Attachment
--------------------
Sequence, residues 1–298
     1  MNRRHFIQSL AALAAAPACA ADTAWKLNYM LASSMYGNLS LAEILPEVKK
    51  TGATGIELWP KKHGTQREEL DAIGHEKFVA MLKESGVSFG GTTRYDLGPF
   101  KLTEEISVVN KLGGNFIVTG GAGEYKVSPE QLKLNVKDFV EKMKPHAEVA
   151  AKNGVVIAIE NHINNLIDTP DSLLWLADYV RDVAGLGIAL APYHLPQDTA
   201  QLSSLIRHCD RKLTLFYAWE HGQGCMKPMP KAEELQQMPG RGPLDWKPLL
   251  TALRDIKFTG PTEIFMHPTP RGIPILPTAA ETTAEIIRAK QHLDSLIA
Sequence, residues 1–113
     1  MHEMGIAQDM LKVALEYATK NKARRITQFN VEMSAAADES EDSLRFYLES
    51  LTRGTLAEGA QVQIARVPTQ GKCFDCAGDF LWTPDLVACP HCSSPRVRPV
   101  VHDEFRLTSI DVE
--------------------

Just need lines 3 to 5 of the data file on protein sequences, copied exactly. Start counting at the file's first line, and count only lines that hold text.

    51  TGATGIELWP KKHGTQREEL DAIGHEKFVA MLKESGVSFG GTTRYDLGPF
   101  KLTEEISVVN KLGGNFIVTG GAGEYKVSPE QLKLNVKDFV EKMKPHAEVA
   151  AKNGVVIAIE NHINNLIDTP DSLLWLADYV RDVAGLGIAL APYHLPQDTA